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Defeating Dander: How to Handle Pet allergies

 by zack on 30 Jan 2013 |
2 Comment(s)
Pet allergies are the worst. They can hinder your ability to live with pets, and make you miserable if agitated without treatment. Sniffling, sneezing, and a runny nose are the least of the problem for some. At the very worst stages of allergic reactions, asthma attacks can even prove life threatening. Unfortunately, some pet owners don’t even realize that they’re allergic to their dog or cat until after they’ve brought them into the home! Luckily, there are some preventative measures for highly allergic people to take to avoid family pet deportation.

First off, there is some basic information that needs to be addressed; there are no allergy free dogs or cats. All pets have dander, (the skin flakes in an animal’s fur) and all dander has an effect. The determining factors are your own sensitivity to the stuff, and the amount of dander that your pet produces. As a general rule, a cat allergy is more prevalent than a dog allergy. However, the results are highly variable, as some people are allergic to specific breeds, or species to a greater degree than others. Another counter-intuitive pearl of allergenic wisdom is that breeds with softer continuously shedding coats are normally better for people with pet allergies. Which is somewhat odd, considering most people associate shedding with sneezing.

So what to do? Begin by making certain of your allergies and go see an allergist to diagnose the cause. After all, it would be bad to blame a poor innocent puppy for something that your moldy polyester blankets in the back of the closet are responsible for. After you’ve made certain the pet is to blame, invest in an air purifier. Ideally you would want a HEPA (High Efficiency Particulate Air) Purifier. These bad boys will pick all the worst bits of allergens out of the air and leave you breathing easy. If the dander your pet exudes is really out of control, you might need one in every room.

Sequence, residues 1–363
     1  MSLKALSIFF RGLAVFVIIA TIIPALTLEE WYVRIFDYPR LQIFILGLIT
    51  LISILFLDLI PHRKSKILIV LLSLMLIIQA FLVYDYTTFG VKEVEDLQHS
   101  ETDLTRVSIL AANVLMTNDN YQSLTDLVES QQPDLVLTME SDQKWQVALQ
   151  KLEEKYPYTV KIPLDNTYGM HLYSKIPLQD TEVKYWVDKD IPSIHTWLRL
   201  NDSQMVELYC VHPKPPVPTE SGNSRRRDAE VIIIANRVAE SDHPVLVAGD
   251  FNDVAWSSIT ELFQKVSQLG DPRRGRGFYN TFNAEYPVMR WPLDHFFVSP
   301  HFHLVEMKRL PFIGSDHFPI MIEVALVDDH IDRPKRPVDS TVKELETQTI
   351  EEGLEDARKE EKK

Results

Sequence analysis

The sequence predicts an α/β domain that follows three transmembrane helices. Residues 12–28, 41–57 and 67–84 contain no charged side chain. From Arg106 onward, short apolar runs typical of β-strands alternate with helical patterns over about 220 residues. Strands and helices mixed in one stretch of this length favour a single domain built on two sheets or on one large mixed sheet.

Make sure to leave at least one room off limits to your pets, that way you always have a safe haven if the atmosphere becomes too disagreeable. Weekly baths are also a must. Keeping your dog or cat clean will immeasurably reduce the amount of pet pollution they’re producing. And if all else fails, you may consider getting some allergy treatments to help you deal with the dander. There are a wide range of treatment options for all but the most meager of budgets. The most common treatments can include:
  1. Antihistamine pills
  2. Antihistamine nasal sprays
  3. Steroidal treatments
  4. Allergy shots-->this one is particularly effective
Beyond these treatments, the best method is to employ every method at your disposal. Proper house cleaning, weekly pet baths, air purification, and regularly scheduled appointments at your local allergist’s office are almost certain to clear up any avoidable allergic reactions. So unless you are just having a good time of suffering through the consistent nasal drip, try to make a trip to see a medical professional as soon as possible!

Comment(s)2

Dinah Perez - Comment
Dinah Perez31 Jan 2013Reply
Something you didn't mention is that you might have allergies even if you have a supposed "hypoallergenic" dog, like a poodle. The reason being is that you might be allergic to the urine and feces. I experienced this with my puppy until I got her housebroken. If the allergy is to the actual dog itself, the best thing to do is to rehome the dog asap before you fall in love with it. Get a poodle or other non-shedding dog and adopt it so that it's already housebroken.
Beverly - Comment
Beverly06 Feb 2013Reply
Thanks for the info. Weekly baths also take care of insects on cats, I hear. I'll be afraid to do that until I get some thick mitts to protect my hands and arms, though. Also, air purifier sounds like a really good option!

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Sigal Raz
Sigal Raz
Israel, Kerem Maharal
22 Jun 2018
very good
 
 
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